Some jobs are best turned down!

I’ve always considered myself to be quite lucky, in that I’m blessed by how nice most of my customers are. Most tend to be decent honest people who have a genuine appreciation of what I do. Having said that I do make a concious effort to avoid dealing with with some of the less desirable characters in life!

Last week however, I got a harsh reminder about the type of customer that I’m better off avoiding when I got asked by Autowatch NZ to help sort an install out that a local car dealer had installed.

The vehicle was a 2012 Ford Ranger that the dealer had installed an Autowatch 555CLAM into. Their customer returned it to them complaining that the alarm would arm every time the hazard switch was pressed. The dealership then attempted to re-wire it and in the process managed to stop the alarm from working at all!

This is where I first looked at it. I found an install that looked like a crows nest and every wire was still at full length with the labels still attached! The alarm itself would not even go into program mode. I informed the service manager that there was very little I could do with it apart from remove or replace it. I also pointed out that it would have been wiser to have installed a CAN-BUS alarm.

The service manager then grumbled about who would pay for it to be put right and then decided that they would book me in for Friday morning to install an Autowatch 695CAN.

The next I heard from the dealer was on 4pm on Thursday when they called to tell me that they would be attempting the install themselves! I hoped that this would be the last I heard from them and sent out an invoice for my time.

Another Shocking install!

Friday lunchtime another call comes in. “We’ve installed the new alarm and it does not work. Can you look at it for us now?” I inform them that I’ve had to juggle other jobs around from where they messed me around and thet the earliest I could get to them would be Monday afternoon!

After the weekend I called into take a look. I turn the ignition on and the dash lights fail to turn on. I make the assumption that the battery must be flat so ask to use their jump pack (I have limited tools as I’m working out of the Beat whilst the new wagon is having some work done on it).

This is their jump pack:

Car Dealer Jump Leads

Now it turns out that I was wrong and that the battery was actually fine! When I finally discover that the car starts, yet the display does not work I inform the service manager who suggests that there was no problem with the car before I looked at it!

This resulted in me walking out of the dealership informing them to find someone else to look at the car. I also requested that they never contact me again!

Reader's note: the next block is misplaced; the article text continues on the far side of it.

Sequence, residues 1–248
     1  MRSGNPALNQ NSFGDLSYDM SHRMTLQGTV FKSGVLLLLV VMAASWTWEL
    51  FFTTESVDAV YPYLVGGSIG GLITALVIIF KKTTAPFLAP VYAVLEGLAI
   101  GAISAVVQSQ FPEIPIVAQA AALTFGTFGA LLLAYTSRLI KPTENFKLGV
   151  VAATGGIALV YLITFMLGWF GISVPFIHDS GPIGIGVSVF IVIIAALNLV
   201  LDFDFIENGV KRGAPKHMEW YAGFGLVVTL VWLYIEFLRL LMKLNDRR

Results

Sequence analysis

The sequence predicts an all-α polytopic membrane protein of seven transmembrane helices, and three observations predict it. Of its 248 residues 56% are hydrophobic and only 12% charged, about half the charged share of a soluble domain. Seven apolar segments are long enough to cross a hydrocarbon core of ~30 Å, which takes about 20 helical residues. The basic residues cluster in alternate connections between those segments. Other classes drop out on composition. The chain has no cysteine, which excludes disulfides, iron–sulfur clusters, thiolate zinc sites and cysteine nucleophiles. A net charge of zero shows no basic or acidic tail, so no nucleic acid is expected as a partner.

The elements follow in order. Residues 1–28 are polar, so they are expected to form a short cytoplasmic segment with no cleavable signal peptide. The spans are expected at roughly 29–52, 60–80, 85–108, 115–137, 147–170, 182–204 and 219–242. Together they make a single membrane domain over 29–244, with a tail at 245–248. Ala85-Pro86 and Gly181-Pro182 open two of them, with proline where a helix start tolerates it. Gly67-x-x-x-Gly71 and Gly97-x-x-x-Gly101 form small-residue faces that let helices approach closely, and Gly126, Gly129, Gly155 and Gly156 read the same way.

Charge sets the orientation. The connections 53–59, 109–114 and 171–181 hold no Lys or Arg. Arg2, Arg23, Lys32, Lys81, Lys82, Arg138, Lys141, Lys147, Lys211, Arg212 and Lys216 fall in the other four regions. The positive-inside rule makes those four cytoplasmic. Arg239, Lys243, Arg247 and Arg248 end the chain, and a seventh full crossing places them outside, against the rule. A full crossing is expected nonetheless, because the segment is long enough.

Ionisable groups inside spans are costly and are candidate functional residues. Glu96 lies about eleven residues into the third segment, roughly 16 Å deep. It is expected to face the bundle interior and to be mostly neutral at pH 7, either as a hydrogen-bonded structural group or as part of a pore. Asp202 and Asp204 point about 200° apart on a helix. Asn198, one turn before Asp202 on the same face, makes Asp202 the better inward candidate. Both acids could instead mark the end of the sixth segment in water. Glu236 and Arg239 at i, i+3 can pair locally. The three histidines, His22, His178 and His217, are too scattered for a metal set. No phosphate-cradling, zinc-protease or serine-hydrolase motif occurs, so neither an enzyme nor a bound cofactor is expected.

One week on and I’ve still not be paid. Pricks!

Conclusion: My only mistake was to break my “No supply, No install” rule which I’ll be sticking to in the future.

The plus side of dealing with such tossers is it does make me appreciate most of my normal customers who are nice and pay on time. Thank you everyone 🙂

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Julian

About Julian

Owner and Installer at Obsessive Vehicle Security Limited.
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5 Responses to Some jobs are best turned down!

  1. wang says:

    Take the pricks to disputes tribunal or debt collector on harleys:D

  2. Rick says:

    I assume the reason you broke your own rule to do this job was because you have a good relationship with Autowatch (and perhaps wanted to keep it that way). Also it just goes to show how a rubbish install can potentially impair the image of an otherwise excellent brand. Unless the dealer was man enough to tell the customer that they screwed up the install and it wasn’t a faulty alarm.

  3. Julian Julian says:

    You’ve nailed it. The only reason I even looked at the job was to help Autowatch NZ, I’m kicking myself for even trying to help!

    The danger with allowing muppets to install your alarms is that sooner or later it will come back to bite you. The result is inevitably damage to the brand reputation.

    I’ve had the same conversation with Cobra and they have big problems finding anyone competent to install their systems. My warranty return rate is well under 1% with them so we know the product is good, however it’s normally the first thing that gets blamed by others who can’t man up to making a mistake!

    The dealer could not even admit to me that there was an installation fault so I doubt that the customer would ever find out the truth!

    Have a look at the photo and see where they put the siren 🙁

  4. Rick says:

    This raises an interesting point. How does a brand like Autowatch or Cobra protect their image being tarnished by cowboy installers? I thought they only sold via trusted installers or something. In which case how does a situation like this arise? Is there a weak link in the trust chain somewhere?

  5. Julian Julian says:

    Sales would be to companies and whilst you can control who has an account with you, some outfits have a high installer turn over so that side of things is probably beyond their control.

    Personally I’ve found the only way to guarantee quality is to install everything myself so I’ve ruled out the idea of taking on staff!

    I guess it’s probably a hard juggling act between selling in volume and keeping the standards high. I don’t actually think it’s possible to have both.

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